WASHINGTON (Reuters) - Three U.S. environmental groups filed a lawsuit against the federal government on Thursday for delaying the rollout of higher “gas-guzzler” penalties for automakers producing new vehicles that fail to meet minimum fuel-economy standards.
The Center for Biological Diversity, the Natural Resources Defense Council and the Sierra Club filed suit in the U.S. Court of Appeals for the Second Circuit, challenging the National Highway Traffic Safety Administration’s (NHTSA) decision in July to suspend a 2016 Obama administration regulation that more than doubled penalties.
Automakers had protested the hike, saying it could increase industry compliance costs by $1 billion annually.
Congress in 2015 ordered federal agencies to adjust civil penalties to account for inflation and, in response, NHTSA proposed to raise fines to $14 from $5.50 for every 0.1 mile per gallon of fuel that new cars and trucks consume in excess of required standards under the Corporate Average Fuel Economy (CAFE) program.
Last year, two major auto trade associations urged NHTSA to reconsider the proposed hike in fines, as low U.S. gasoline prices contributed to an industry shift away from small and mid-size cars toward the production of more fuel-thirsty pickup trucks and sport utility vehicles for American consumers.
NHTSA has said the increases would potentially result in an additional $30 million in civil penalties being collected annually. But the auto groups said the increases would dramatically raise costs, since they would also increase the value of fuel economy credits.
Some automakers historically have opted to pay fines instead of meeting fuel efficiency requirements - including some small volume luxury automakers. Jaguar Land Rover, owned by India’s Tata Motors, and Daimler AG paid the most in fines in recent years.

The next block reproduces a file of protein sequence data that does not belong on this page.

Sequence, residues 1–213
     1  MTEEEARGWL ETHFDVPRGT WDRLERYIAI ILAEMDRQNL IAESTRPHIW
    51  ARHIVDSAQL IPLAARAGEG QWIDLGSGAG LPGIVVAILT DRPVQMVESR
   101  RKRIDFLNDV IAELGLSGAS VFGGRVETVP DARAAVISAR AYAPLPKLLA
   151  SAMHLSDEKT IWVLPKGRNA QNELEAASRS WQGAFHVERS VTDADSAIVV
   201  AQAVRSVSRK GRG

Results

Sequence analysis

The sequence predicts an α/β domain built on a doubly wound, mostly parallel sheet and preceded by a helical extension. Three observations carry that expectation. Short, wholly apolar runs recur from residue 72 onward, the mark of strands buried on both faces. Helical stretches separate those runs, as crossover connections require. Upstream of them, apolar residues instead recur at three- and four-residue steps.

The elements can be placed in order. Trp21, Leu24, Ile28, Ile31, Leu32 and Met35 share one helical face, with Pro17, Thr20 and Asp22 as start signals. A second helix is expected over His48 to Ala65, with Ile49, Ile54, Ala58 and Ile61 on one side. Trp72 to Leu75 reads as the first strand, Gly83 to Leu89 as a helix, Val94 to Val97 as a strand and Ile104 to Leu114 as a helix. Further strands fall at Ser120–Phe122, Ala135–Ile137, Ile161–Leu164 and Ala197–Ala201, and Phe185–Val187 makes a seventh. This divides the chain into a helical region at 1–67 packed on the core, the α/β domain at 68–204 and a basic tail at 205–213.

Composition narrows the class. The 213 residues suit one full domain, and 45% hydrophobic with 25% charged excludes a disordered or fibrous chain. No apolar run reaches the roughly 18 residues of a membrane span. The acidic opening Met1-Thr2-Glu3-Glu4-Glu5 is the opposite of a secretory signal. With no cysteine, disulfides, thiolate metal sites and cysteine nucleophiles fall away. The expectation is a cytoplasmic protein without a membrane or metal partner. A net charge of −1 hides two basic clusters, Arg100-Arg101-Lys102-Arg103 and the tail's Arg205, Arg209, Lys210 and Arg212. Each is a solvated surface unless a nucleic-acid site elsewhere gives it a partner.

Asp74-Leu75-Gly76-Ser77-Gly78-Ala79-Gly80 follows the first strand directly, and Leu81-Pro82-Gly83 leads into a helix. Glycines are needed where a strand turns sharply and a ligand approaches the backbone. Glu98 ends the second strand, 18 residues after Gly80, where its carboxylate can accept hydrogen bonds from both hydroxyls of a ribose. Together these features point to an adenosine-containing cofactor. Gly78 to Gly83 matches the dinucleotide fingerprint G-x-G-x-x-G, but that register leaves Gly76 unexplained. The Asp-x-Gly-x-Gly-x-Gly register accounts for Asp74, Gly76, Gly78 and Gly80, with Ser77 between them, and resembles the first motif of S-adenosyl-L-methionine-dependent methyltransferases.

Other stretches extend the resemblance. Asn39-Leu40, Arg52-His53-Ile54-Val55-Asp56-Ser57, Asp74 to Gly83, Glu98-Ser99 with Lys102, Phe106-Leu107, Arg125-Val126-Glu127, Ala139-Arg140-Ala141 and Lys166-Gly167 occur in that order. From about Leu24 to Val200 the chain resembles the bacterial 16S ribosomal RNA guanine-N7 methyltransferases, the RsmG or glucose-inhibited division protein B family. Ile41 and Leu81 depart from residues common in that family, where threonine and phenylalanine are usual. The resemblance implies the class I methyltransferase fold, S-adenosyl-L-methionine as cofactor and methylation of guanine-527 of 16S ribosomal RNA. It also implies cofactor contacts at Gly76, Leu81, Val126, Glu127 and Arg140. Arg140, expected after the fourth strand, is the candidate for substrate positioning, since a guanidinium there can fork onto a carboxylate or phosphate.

A Transportation Department spokeswoman declined to comment on Thursday.
Automakers have collectively paid more than $890 million in fuel efficiency fines since 1975.
NHTSA said in July that many manufacturers were falling behind the fuel standards for model year 2016 and 2017 vehicles and already faced “the possibility of paying larger CAFE penalties over the next several years.”
”Car companies churning out gas-guzzlers shouldn’t get to pay their way out of following rules that cut fuel consumption and protect our climate,” said Vera Pardee, senior counsel at the Center for Biological Diversity.
NHTSA’s proposed higher penalties had been expected to take effect starting in the 2019 model year.
The suit comes as U.S. regulators are considering whether to lower fuel economy requirements for the 2021-2025 model years.
Reporting by David Shepardson; Editing by Bernadette Baum and Tom Brown